‘Gnarled Edge’

The Gallery of Notional & Non Art (GONNA) in Kookynie is finally opening, with the launch of a new exhibition by #POH, the anonymous Banksy of the West Australian goldfields.

The exhibition comprises a Sculpture and an Artist Statement, both below. You may touch the sculpture, if you wish, without moving it.

Everyone is invited to the vernissage, but try not to scoff down too many canapés or cordials, as someone else might turn up.

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Artist Statement 

by #POH 

The artist has always been fascinated by the unrelenting contradictions inherent in the traditional understanding of knowledge, spiritual teachings, phenomena and existence. 

As a teenager growing up in the nondescript Sydney suburb of Pagewood, he was able to deconstruct the semiotic elements of that bland name into Page and Wood. These causally or casually connected elements so redolent of the orderly and random textures of the universe, prefigured his inspiration fifty years later for this oeuvre, expressive of such teleological ephemera. 

Drawing on Heidegger and Hegelian dialectics, the immaterial takes form in the material expressed here as wood, interpreted and overlain with semi-sacred texts inspired by Foucault’s ideas of power and knowledge in The Order of Things. 

The viewer is invited to reflect or indeed participate, by looking into the hole, in the ontological oscillation of meanings and replicas of the human condition represented by the block universe and the hole’s immateriality or non-being. 

The woodwork sculpting technique may borrow from the Japanese tradition known as Sashimono, or working without nails, which in turn derives from monosashi, meaning use of a ruler to carefully measure the timber materials. Contradictorily though the rough-hewn block may ironically embody an anti-monosashi ethic? You can decide.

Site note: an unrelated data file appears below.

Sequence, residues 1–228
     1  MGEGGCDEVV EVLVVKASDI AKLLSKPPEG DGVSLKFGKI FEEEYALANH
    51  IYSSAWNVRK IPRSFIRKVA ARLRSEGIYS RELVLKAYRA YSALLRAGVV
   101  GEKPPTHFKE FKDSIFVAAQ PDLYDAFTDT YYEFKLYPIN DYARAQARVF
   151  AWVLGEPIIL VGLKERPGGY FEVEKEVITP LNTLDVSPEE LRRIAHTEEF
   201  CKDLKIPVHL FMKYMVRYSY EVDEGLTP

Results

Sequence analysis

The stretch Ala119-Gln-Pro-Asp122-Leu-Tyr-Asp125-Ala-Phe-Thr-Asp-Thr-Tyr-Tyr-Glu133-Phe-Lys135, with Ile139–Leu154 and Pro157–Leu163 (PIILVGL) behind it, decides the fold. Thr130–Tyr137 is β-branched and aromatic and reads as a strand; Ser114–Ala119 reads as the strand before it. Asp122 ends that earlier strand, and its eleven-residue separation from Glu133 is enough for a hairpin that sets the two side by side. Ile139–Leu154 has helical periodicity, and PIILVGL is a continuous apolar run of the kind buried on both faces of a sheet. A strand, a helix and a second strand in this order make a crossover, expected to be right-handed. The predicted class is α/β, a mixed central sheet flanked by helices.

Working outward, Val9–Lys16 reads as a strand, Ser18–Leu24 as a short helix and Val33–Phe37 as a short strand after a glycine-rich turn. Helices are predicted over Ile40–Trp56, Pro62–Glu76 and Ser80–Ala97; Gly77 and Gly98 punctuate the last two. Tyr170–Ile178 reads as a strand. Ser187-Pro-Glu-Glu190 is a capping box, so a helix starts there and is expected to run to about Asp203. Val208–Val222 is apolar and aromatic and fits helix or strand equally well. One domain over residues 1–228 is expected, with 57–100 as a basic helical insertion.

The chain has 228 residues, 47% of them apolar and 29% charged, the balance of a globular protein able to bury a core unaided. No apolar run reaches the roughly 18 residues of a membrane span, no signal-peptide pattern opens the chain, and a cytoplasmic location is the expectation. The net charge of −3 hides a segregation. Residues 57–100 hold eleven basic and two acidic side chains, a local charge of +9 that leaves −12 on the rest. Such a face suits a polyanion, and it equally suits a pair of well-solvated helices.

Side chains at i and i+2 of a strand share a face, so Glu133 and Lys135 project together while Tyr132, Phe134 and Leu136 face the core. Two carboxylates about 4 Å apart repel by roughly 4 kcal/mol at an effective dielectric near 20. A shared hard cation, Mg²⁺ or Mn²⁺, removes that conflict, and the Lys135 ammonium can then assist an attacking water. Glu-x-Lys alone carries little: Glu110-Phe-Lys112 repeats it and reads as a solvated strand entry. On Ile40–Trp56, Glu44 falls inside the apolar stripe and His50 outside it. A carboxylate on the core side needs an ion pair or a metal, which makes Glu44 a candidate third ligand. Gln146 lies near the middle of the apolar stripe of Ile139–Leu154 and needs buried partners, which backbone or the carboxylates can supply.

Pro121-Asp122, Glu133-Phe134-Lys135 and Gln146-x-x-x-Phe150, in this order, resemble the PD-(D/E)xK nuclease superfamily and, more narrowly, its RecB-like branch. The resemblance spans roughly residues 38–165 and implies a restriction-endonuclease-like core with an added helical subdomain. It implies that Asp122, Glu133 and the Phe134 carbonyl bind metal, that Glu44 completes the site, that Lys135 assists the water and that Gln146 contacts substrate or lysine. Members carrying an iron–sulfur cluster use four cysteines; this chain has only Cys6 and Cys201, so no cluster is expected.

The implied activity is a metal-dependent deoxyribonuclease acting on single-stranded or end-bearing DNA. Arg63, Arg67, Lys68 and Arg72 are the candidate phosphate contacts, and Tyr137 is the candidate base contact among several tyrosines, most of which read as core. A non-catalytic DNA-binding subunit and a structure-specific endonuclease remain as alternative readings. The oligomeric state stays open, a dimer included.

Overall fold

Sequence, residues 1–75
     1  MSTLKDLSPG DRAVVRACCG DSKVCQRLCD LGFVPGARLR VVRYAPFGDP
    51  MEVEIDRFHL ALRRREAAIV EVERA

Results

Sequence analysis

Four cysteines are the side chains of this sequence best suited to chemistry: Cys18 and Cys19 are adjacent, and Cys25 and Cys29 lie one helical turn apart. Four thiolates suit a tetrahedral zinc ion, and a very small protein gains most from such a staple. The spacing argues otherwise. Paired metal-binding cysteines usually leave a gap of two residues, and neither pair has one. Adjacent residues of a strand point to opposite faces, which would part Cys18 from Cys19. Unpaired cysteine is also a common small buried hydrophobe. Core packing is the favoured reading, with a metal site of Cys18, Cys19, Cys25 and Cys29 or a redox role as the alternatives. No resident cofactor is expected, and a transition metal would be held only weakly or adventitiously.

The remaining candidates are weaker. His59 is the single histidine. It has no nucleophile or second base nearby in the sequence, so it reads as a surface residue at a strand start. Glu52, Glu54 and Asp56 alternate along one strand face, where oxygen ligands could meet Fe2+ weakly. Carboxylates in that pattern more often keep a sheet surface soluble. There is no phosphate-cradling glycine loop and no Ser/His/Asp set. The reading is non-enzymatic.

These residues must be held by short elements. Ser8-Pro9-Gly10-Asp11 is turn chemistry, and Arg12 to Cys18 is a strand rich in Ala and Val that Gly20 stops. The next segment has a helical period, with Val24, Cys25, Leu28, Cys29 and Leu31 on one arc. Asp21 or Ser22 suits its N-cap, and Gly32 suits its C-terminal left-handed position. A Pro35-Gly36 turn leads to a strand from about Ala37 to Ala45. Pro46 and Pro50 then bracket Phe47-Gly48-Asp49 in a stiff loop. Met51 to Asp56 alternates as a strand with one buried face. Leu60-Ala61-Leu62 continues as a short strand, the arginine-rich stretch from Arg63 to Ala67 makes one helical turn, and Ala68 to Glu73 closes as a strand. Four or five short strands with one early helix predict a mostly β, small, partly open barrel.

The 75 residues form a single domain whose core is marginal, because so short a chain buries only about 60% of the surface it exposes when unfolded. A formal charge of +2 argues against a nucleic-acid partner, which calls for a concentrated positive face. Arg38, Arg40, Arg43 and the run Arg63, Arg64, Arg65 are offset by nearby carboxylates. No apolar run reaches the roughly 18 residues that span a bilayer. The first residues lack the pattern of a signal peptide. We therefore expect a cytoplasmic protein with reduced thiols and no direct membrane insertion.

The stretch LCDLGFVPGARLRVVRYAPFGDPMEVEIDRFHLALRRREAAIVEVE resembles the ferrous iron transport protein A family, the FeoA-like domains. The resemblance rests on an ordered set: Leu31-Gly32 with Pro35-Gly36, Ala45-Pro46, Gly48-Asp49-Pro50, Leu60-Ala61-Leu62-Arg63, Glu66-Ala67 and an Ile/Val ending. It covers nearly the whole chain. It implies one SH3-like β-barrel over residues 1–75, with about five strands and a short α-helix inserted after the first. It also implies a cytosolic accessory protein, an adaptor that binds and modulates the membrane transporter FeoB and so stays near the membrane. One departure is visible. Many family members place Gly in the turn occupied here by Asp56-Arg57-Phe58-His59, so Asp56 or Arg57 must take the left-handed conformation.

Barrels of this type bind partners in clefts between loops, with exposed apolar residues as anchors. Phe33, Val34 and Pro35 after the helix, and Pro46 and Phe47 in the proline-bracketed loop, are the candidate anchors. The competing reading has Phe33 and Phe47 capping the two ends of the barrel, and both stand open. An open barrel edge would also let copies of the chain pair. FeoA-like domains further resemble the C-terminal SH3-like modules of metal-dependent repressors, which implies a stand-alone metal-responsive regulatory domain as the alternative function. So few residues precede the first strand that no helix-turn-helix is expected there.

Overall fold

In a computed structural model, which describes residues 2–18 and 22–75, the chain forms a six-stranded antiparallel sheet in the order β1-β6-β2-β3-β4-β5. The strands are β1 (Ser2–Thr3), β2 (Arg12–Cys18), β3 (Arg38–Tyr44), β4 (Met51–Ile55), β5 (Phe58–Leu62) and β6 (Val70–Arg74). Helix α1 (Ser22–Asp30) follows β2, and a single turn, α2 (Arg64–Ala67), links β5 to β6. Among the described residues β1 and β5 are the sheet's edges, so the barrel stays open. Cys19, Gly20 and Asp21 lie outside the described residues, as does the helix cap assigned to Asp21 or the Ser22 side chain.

Interpretation of the mysterious elemental, existential and phenomenological themes of Gnarled Edge leads to further discourse on the Derrida style deconstruction of the human condition and exploitation, indeed alienation of our physical environment.. 

The structural wood material is blond and unburnt, but curiously called Red Ash, which ironically again, is a tree of the Fraxinus genus, unrelated to true ashes. The sculpture is a tease with its multiple layers of irony and rhetorical vitamins. 

In a playful dialectic between the apparent and the concealed, Red Ash timber is commonly used for veneers, thus extending the surface and subterranean metaphor and its Bauhausian sensibilities by the choice of materials and plasticity. 

Equally, the dialectic between permanence and impermanence is reflected in the timber’s rot resistant status of moderate durability, susceptible to termites. Similarly for the metaphysical question of truth, which is conjugated by the straight grain and even texture of the wood, but which may produce fiddlebacks (curled or swerved grain). 

Hidden from view though as an unter sub-text are esoteric qualities of the timber only known to wood cognoscenti: Janka hardness, the modules of rupture, crushing strength, shrinkage and above all specific gravity. A veritable quantum theory of the universe waiting to be revealed by a saw and chisel. 

So, Gnarled Edge sets new outposts of the future with its vanilla-slice layers of undecidability of the spectral gap and prevailing Jungian archetypes, pushing the theoretical limits of the pandemic zeitgeist beyond our cognitive space. 

Of course this written Page intersects with the Wood sculpture to determine the power of that original Pagewood concept so anchored in past and present temporal zones of existence. The future by definition remains unknown, unless more spectral gaps appear.

Footnote:
Sculpture made from locally-sourced offcut Red Ash, with white painted edge and saw cut, texta-print. Dimensions: approx. 35 x 31 cm. Unique piece.

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